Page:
Play-dough is a very versatile toy. You can use play-dough to address many different skills. You can use a lot of different accessories with play-dough, including scissors, rolling pins, and cookie cutters. You can find cookie cutters in many different shapes to match your child’s interests such as animals, vehicles, or holiday shapes.
Ideas for beginning social skills:
- Imitation of actions- Encourage your child to imitate your actions while playing with play-dough. You can make a ball or a snake and then ask your child to make the same thing. You could also roll out the play-dough and use a cookie cutter to make a certain shape, then see if your child will imitate you. If your child imitates basic actions, get creative and see if your child will imitate making a play-dough pizza or bowls of ice cream.
- Pointing to make a choice- Hold up two different colors of play-dough or two different cookie cutters and ask your child which one he/she wants. You may have model pointing for your child or take your child’s hand and help move his/her fingers into a pointing position.
- Turn-taking- Take turns stacking balls of play-dough into a tower or using a favorite play-dough tool. For example, if your child enjoys rolling play-dough, you could roll out your play-dough first and then prompt your child to say “my turn.”
Ideas for receptive language skills:
- Practice following a recipe- Make your own play-dough! You can find many different play-dough recipes online. Give your child directions, such as “pour the salt in the bowl” or “stir the play-dough with your spoon.” See if your child can understand the verbal directions without gestures and without you showing him/her what to do.
- Understanding action words- Give your child directions that contain action words like “squeeze,” “roll,” “smash,” “cut,” “twist,” “put in” and “take out.” For example, you could say “roll out your play-dough” or “smash your play-dough ball.”
- Receptive vocabulary- Use cookie cutters to make a variety of different play-dough shapes and then ask your child to find specific shapes. You could make play-dough cut outs in the shape of different vehicles and then ask your child to “find the bus” or “show me the train.”
- Understanding size words- You can make two different sized play-dough balls and then ask your child to “find the big ball” and “find the little ball.” You can also practice understanding the words “long” and “short” by making two different snakes. Or, you could make a “tall” tower and a “short” tower.
- Understanding position words- Get some play-dough and some cups or bowls. Give your child directions that contain position words. For example, “make a play-dough ball and put it under the cup” or “make a snake and put it on top of the bowl.”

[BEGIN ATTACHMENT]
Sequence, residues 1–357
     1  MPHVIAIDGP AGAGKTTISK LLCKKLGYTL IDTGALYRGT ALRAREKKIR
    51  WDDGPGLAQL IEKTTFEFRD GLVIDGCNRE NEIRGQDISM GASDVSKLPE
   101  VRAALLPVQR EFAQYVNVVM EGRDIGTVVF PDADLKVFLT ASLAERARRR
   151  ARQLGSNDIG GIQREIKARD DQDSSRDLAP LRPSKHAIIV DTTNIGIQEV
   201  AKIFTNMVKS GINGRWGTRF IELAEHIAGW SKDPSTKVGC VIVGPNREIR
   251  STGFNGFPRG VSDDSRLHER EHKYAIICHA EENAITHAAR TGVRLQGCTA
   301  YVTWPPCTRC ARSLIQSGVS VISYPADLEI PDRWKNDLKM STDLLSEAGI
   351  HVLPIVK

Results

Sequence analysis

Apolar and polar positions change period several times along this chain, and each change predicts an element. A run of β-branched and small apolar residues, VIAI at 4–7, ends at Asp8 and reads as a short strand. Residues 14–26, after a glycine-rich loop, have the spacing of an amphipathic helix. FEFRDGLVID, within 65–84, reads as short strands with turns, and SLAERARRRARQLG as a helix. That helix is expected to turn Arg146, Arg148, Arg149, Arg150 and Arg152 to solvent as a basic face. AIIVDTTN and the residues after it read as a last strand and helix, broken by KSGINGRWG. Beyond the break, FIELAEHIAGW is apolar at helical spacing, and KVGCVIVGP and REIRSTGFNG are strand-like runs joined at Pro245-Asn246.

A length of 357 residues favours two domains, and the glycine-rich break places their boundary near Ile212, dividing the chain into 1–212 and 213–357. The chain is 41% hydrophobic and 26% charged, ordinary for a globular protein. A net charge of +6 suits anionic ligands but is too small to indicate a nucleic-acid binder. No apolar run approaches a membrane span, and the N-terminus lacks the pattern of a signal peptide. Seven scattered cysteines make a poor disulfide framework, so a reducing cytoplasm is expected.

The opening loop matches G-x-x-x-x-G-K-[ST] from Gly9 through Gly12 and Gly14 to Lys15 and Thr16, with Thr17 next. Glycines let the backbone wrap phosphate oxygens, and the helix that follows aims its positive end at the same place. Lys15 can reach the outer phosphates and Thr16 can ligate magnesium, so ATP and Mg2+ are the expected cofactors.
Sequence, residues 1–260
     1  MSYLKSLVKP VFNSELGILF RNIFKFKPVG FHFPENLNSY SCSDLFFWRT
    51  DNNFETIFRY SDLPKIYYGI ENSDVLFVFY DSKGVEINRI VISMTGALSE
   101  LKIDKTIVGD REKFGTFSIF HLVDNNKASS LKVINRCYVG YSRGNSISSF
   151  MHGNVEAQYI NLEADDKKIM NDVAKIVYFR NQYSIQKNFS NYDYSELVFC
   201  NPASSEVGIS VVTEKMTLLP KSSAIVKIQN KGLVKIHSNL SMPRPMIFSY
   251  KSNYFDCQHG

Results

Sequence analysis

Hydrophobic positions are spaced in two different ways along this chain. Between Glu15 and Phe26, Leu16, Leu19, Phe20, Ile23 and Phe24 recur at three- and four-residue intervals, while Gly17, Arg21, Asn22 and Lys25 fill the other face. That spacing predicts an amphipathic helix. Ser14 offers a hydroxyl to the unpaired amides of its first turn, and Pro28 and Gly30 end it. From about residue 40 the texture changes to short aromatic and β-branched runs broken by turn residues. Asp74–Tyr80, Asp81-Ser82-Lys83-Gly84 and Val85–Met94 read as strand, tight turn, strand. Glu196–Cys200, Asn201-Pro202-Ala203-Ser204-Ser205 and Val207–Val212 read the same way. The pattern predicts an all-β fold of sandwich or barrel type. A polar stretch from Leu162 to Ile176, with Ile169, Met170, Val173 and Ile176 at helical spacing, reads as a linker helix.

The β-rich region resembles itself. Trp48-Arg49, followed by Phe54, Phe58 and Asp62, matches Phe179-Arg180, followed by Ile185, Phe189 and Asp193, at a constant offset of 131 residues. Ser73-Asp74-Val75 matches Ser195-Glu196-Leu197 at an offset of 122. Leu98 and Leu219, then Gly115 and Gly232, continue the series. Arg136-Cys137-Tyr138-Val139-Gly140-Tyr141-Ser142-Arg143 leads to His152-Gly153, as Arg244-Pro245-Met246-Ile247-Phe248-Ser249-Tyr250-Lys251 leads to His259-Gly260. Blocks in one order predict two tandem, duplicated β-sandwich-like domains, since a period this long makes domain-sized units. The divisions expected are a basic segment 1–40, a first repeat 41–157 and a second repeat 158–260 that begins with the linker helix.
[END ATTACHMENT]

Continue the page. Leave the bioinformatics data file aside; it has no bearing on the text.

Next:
Ideas for expressive language skills:
- Have your child ask for more play-dough, tools, or cookie cutters
- If your child is using sign language, have him/her sign “more” or sign the names of colors to ask for a certain color of play-dough. If your child uses picture symbols, have your child point to a picture of the desired play-dough tool or to the desired color of play-dough.
- If your child is beginning to use words, have him/her imitate the name of the desired tool such as “scissors” or “car.” You could also have your child imitate the name for the color of play-dough that he/she wants.
- If your child is beginning to put sentences together, prompt him/her to say “I want ______” or “give me ______ please.”
- Action word vocabulary- Practice using a variety of different action words to describe your actions while playing with the play-dough. You can use words like “smash,” “roll,” “cut,” “twist,” “push,” “squeeze,” “put in” and “take out.” Prompt your child to imitate the action words.
- Using size words- Practice using size words like “big,” “little,” “long,” “short,” and “tall” Make two play-dough shapes that are different sizes and then ask your child which one he/she wants. Prompt your child to say “I want the big car” or “I want the tall tower.”
- Practice answering questions- Use a cookie cutter to make a shape with your play-dough and then hide the shape under a bowl, cloth, or sheet of paper. Ask your child questions to help him/her guess what play-dough shape you made. For example, if you made an airplane, you could ask your child “what is something that can fly.” If your child guesses a bird or something else that flies, you could give him/her another clue like “what is something that people can ride in?”
- Asking questions- Let your child use a cookie cutter to make a shape and then hide it. Prompt your child to ask you questions about the shape to help you guess what he/she made.
Download this handout for free at my teachers pay teachers store here: http://www.teacherspayteachers.com/Store/Expressly-Speaking
Check back tomorrow for information about using another toy for language enriched play!